Mediterranean diet intervention alters the gut microbiome in older people reducing frailty and improving health status: the NU-AGE 1-year dietary intervention across five European countries

Tarini Shankar Ghosh, Simone Rampelli, Ian B Jeffery, Aurelia Santoro, Marta Neto, Miriam Capri, Enrico Giampieri, Amy Jennings, Marco Candela, Silvia Turroni, Erwin G Zoetendal, Gerben D A Hermes, Caumon Elodie, Nathalie Meunier, Corinne Malpuech Brugere, Estelle Pujos-Guillot, Agnes M Berendsen, Lisette C. P. G. M. De Groot, Edith J. M. Feskins, Joanna KaluzaBarbara Pietruszka, Marta Jeruszka Bielak, Blandine Comte, Monica Maijo-Ferre, Claudio Nicoletti, Willem M. De Vos, Susan Fairweather-Tait, Aedin Cassidy, Patrizia Brigidi, Claudio Franceschi, Paul W O'Toole

Research output: Contribution to journalArticlepeer-review

478 Citations (Scopus)
23 Downloads (Pure)


Objective Ageing is accompanied by deterioration of multiple bodily functions and inflammation, which collectively contribute to frailty. We and others have shown that frailty co-varies with alterations in the gut microbiota in a manner accelerated by consumption of a restricted diversity diet. The Mediterranean diet (MedDiet) is associated with health. In the NU-AGE project, we investigated if a 1-year MedDiet intervention could alter the gut microbiota and reduce frailty.
Design We profiled the gut microbiota in 612 non-frail or pre-frail subjects across five European countries (UK, France, Netherlands, Italy and Poland) before and after the administration of a 12-month long MedDiet intervention tailored to elderly subjects (NU-AGE diet).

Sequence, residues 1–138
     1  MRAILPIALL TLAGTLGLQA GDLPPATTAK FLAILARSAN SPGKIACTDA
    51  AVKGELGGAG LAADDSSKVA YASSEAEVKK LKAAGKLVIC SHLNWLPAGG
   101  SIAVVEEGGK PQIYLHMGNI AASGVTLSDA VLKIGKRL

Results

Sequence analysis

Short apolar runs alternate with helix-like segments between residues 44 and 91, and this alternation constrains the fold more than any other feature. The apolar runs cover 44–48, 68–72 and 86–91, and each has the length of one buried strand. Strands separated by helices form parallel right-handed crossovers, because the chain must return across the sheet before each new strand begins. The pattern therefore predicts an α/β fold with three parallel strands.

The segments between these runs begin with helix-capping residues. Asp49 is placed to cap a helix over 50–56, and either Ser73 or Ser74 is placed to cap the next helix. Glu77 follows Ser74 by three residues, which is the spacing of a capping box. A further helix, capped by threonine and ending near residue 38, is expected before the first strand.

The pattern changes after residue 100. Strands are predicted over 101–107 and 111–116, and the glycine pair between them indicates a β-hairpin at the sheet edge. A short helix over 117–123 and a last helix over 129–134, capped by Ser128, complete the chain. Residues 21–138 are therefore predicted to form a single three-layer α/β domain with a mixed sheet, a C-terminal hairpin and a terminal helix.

Results Adherence to the diet was associated with specific microbiome alterations. Taxa enriched by adherence to the diet were positively associated with several markers of lower frailty and improved cognitive function, and negatively associated with inflammatory markers including C-reactive protein and interleukin-17. Analysis of the inferred microbial metabolite profiles indicated that the diet-modulated microbiome change was associated with an increase in short/branch chained fatty acid production and lower production of secondary bile acids, p-cresols, ethanol and carbon dioxide. Microbiome ecosystem network analysis showed that the bacterial taxa that responded positively to the MedDiet intervention occupy keystone interaction positions, whereas frailty-associated taxa are peripheral in the networks.
Conclusion Collectively, our findings support the feasibility of improving the habitual diet to modulate the gut microbiota which in turn has the potential to promote healthier ageing.
Original languageEnglish
Article number319654
Pages (from-to)1218-1228
Number of pages11
Issue number7
Early online date17 Feb 2020
Publication statusPublished - 6 Jun 2020


  • ageing
  • diet
  • enteric bacterial microflora
  • inflammation
  • intestinal bacteria

Cite this